posted by nubs at 10:41 AM on April 19 [1 favorite]


In "The Naked Time", it's explicitly clear that Kirk is attracted to Rand, but even while under the effect of the the virus, he doesn't act on it - he mutters something about "no beach to walk on" after stopping himself from reaching out to her

That is actually a fantastic point. All I remember about that episode is that they managed to avoid having Sulu turn into a racist caricature of a samurai, but now I want to watch it again. Any chance you have a good reason for Wrath of Khan Kirk to have refused to put up shields when somebody else pointed out that regulations required it and when even Kirk himself thought the situation was super sketchy?
posted by Fanghorn Dungeon, LLC at 4:00 PM on April 19


Because old?

And, to be honest, as soon as he feels it's sketchy, Kirk orders Yellow Alert, raising defensive screens around the bright.
posted by hanov3r at 4:05 PM on April 19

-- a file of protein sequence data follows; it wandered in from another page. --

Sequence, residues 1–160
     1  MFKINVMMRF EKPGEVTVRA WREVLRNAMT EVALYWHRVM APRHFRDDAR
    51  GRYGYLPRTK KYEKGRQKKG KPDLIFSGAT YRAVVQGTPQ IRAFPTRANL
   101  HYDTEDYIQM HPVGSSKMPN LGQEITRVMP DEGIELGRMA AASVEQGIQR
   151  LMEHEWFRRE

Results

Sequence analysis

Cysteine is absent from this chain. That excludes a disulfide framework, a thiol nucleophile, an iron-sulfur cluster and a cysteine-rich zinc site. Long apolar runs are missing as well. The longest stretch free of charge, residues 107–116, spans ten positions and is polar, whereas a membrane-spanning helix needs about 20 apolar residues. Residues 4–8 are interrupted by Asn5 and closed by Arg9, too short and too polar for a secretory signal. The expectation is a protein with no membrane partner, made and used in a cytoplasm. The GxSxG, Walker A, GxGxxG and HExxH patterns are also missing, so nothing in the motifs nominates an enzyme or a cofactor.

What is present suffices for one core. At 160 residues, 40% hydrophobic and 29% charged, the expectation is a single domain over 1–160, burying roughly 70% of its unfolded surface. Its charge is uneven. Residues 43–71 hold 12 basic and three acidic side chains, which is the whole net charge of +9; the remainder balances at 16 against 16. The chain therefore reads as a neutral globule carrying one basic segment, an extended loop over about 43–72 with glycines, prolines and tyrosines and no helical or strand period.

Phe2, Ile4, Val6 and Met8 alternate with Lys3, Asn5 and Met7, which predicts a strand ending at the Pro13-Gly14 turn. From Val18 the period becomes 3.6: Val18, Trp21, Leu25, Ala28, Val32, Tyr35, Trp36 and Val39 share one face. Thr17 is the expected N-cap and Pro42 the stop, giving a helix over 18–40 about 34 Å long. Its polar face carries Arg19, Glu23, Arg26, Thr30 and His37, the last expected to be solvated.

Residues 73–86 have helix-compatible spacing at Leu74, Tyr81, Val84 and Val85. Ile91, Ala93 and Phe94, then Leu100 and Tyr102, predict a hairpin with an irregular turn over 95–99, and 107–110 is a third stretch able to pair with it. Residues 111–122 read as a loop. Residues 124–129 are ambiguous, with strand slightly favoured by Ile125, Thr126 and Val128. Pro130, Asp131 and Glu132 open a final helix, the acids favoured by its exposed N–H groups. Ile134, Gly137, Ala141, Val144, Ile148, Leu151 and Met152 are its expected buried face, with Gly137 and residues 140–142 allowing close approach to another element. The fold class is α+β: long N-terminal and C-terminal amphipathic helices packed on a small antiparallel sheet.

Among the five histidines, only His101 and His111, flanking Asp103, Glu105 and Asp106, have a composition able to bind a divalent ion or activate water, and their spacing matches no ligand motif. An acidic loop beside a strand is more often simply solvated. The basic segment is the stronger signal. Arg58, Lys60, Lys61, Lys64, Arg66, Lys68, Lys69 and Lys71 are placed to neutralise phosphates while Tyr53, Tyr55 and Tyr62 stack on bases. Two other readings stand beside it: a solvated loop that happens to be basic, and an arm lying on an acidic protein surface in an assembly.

Kirk ignored regulations and only put up shields around himself, basically. That seems like the kind of thing that should come up as evidence against him in a court martial where Kirk gets thoroughly broken, and where Starfleet makes darned sure he isn't even allowed to own a picture of a starship ever again.
posted by Fanghorn Dungeon, LLC at 4:16 PM on April 19


Star Trek II: Kirks Midlife Crisis gives us an opening act with a Kirk who feels old and doubts himself; he's hesitant and unsure and scared he's lost a step. He's suddenly in command in a situation that is ambiguous - Regula One has gone dark and the Reliant - attached to Regula One - is showing up where it isn't supposed to be.